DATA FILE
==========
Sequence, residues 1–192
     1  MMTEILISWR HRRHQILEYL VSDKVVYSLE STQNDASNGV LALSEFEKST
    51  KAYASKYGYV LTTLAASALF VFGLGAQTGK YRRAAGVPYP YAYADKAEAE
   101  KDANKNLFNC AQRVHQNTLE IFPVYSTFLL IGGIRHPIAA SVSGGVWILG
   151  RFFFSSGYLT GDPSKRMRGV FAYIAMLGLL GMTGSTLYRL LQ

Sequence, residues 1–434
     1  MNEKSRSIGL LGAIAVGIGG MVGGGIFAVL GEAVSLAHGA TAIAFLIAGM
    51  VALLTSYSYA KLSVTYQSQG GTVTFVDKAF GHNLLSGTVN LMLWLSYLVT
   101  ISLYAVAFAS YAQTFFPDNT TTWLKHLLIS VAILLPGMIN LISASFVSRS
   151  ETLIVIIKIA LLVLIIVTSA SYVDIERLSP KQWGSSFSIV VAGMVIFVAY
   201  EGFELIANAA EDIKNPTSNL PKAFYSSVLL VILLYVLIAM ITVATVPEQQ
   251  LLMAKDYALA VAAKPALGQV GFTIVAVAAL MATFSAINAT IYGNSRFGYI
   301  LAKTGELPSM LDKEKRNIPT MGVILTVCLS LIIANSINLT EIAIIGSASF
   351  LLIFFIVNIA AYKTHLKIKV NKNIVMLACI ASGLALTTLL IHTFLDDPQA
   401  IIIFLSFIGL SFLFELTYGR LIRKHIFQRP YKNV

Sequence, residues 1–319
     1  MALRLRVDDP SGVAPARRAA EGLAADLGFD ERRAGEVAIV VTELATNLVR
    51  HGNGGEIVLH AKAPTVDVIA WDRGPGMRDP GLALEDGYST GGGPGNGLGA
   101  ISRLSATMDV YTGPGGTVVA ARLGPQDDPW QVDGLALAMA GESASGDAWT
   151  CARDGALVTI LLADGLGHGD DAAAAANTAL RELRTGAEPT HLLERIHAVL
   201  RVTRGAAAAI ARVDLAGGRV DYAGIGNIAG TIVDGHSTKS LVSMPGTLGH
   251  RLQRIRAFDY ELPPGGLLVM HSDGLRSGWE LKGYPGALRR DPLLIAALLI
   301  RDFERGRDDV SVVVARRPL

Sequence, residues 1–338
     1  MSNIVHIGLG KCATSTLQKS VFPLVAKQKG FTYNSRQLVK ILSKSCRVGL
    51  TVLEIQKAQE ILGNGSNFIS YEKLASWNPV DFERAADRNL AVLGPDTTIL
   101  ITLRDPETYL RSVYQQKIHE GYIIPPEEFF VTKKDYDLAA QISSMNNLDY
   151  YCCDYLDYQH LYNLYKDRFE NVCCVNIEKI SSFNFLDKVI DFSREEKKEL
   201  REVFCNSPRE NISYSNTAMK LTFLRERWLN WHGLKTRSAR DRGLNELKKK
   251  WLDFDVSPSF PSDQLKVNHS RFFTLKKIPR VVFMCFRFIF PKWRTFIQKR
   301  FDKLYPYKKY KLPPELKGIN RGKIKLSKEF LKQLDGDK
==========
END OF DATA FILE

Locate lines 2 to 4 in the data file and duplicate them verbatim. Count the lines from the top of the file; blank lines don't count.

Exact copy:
     1  MMTEILISWR HRRHQILEYL VSDKVVYSLE STQNDASNGV LALSEFEKST
    51  KAYASKYGYV LTTLAASALF VFGLGAQTGK YRRAAGVPYP YAYADKAEAE
   101  KDANKNLFNC AQRVHQNTLE IFPVYSTFLL IGGIRHPIAA SVSGGVWILG